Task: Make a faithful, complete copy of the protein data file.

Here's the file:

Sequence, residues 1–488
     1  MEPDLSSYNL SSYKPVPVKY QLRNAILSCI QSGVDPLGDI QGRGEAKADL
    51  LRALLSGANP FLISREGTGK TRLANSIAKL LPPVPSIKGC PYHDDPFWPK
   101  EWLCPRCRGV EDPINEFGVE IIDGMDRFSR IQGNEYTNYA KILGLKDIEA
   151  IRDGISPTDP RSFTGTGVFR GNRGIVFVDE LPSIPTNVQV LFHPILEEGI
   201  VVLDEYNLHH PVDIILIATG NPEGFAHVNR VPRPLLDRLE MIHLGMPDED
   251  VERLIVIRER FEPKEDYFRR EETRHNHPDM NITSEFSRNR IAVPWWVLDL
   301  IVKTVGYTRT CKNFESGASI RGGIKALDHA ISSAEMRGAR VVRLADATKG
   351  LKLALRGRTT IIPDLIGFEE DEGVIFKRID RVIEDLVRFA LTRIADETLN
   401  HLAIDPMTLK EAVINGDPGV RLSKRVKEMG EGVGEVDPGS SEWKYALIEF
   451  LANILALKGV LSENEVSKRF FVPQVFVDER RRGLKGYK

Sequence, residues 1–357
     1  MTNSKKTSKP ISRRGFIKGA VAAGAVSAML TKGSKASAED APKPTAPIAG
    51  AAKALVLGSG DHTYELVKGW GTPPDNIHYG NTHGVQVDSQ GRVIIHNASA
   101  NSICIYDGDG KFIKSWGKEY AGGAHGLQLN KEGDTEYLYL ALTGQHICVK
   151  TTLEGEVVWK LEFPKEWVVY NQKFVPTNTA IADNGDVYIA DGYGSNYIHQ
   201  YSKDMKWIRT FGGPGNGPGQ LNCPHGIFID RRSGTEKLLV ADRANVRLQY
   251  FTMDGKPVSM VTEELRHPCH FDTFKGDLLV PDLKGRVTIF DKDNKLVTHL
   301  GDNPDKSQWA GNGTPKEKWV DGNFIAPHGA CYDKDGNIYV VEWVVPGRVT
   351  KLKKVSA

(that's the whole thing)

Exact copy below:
Sequence, residues 1–488
     1  MEPDLSSYNL SSYKPVPVKY QLRNAILSCI QSGVDPLGDI QGRGEAKADL
    51  LRALLSGANP FLISREGTGK TRLANSIAKL LPPVPSIKGC PYHDDPFWPK
   101  EWLCPRCRGV EDPINEFGVE IIDGMDRFSR IQGNEYTNYA KILGLKDIEA
   151  IRDGISPTDP RSFTGTGVFR GNRGIVFVDE LPSIPTNVQV LFHPILEEGI
   201  VVLDEYNLHH PVDIILIATG NPEGFAHVNR VPRPLLDRLE MIHLGMPDED
   251  VERLIVIRER FEPKEDYFRR EETRHNHPDM NITSEFSRNR IAVPWWVLDL
   301  IVKTVGYTRT CKNFESGASI RGGIKALDHA ISSAEMRGAR VVRLADATKG
   351  LKLALRGRTT IIPDLIGFEE DEGVIFKRID RVIEDLVRFA LTRIADETLN
   401  HLAIDPMTLK EAVINGDPGV RLSKRVKEMG EGVGEVDPGS SEWKYALIEF
   451  LANILALKGV LSENEVSKRF FVPQVFVDER RRGLKGYK

Sequence, residues 1–357
     1  MTNSKKTSKP ISRRGFIKGA VAAGAVSAML TKGSKASAED APKPTAPIAG
    51  AAKALVLGSG DHTYELVKGW GTPPDNIHYG NTHGVQVDSQ GRVIIHNASA
   101  NSICIYDGDG KFIKSWGKEY AGGAHGLQLN KEGDTEYLYL ALTGQHICVK
   151  TTLEGEVVWK LEFPKEWVVY NQKFVPTNTA IADNGDVYIA DGYGSNYIHQ
   201  YSKDMKWIRT FGGPGNGPGQ LNCPHGIFID RRSGTEKLLV ADRANVRLQY
   251  FTMDGKPVSM VTEELRHPCH FDTFKGDLLV PDLKGRVTIF DKDNKLVTHL
   301  GDNPDKSQWA GNGTPKEKWV DGNFIAPHGA CYDKDGNIYV VEWVVPGRVT
   351  KLKKVSA